Water Use Prioritization to Maximize Benefit of Treatment and Minimize Environmental Impact
Katie Benko, Water Treatment Engineering and Research, Bureau of Reclamation, M.S. 86-68230, P.O. Box 25007, Denver, CO 80225-0007 and Michelle Chapman, Water Treatment Engineering & Research, Bureau of Reclamation, M.S. 86-68230, P.O. Box 25007, Denver, CO 80225-0007.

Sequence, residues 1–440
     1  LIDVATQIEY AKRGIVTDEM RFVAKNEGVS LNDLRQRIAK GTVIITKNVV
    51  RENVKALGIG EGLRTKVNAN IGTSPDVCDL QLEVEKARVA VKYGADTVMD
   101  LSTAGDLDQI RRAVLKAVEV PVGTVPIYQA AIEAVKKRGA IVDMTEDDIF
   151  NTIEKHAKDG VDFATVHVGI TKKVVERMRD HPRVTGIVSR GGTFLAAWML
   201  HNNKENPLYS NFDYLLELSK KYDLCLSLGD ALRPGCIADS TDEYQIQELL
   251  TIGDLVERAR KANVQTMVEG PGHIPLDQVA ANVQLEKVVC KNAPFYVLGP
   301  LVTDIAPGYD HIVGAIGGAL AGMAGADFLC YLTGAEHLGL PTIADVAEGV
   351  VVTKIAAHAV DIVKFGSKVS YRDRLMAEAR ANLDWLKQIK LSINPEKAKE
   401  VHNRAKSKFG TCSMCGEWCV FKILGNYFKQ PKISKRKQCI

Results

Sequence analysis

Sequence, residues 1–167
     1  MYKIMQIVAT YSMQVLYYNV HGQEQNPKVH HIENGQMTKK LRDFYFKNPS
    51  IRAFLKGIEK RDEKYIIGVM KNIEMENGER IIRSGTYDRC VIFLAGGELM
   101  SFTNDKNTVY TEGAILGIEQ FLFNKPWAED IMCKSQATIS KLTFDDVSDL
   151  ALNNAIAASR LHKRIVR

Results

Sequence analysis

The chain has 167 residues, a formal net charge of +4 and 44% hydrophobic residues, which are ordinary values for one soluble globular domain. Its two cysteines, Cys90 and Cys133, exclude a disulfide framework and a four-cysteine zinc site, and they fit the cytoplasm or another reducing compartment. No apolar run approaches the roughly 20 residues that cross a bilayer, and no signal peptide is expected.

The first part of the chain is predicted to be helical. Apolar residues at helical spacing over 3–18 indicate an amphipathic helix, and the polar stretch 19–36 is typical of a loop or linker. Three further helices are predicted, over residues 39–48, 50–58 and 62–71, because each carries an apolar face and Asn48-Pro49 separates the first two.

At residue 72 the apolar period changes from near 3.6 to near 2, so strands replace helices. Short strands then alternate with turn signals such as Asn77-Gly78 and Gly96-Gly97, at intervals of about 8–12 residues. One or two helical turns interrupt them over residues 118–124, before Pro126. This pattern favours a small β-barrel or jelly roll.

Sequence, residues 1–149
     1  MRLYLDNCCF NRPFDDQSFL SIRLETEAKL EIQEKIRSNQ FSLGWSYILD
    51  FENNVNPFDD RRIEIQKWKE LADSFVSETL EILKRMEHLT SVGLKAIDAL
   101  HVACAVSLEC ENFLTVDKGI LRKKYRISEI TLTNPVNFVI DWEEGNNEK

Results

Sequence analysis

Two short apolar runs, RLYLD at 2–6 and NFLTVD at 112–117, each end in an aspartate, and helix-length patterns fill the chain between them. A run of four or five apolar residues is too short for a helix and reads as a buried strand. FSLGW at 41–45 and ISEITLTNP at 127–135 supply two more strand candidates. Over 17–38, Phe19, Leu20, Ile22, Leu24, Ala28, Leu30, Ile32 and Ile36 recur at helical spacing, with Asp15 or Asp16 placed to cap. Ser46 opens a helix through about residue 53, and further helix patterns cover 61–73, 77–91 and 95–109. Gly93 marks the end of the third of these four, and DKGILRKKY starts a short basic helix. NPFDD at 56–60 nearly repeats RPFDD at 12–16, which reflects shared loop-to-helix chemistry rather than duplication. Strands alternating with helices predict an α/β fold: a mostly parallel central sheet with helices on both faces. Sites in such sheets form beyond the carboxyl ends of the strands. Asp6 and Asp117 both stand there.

Many communities in the Western US are experiencing conflict between water uses. Due to population growth, periodic drought and contamination of groundwater, many areas must choose between environmental requirements and municipal and industrial water needs. Water reuse is becoming an accepted option for landscaping and industrial needs, but it is still questionable for human consumption, food crops, or for environmental needs. For two years, the Bureau of Reclamation reviewed data from a pilot MF/RO operating on secondary wastewater effluent. The product water from this pilot was sold to construction firms for dust control and to residents for landscaping irrigation. The concentrate from this type of treatment can be used for irrigation of salt tolerant crops. Since the TDS range of the concentrate is not very high, this water is still within the irrigation TDS limits. In this study, we are conducting a cost/benefit/risk analysis for a model community along the South Platte River, using the experience gained during pilot testing, to examine the future water issues including the efficient balancing of supplies and demands, concentrate management, and enhancement of habitat and recreational assets, and even the integral role of power plants in concentrate management and power supplies of the South Platte River watershed.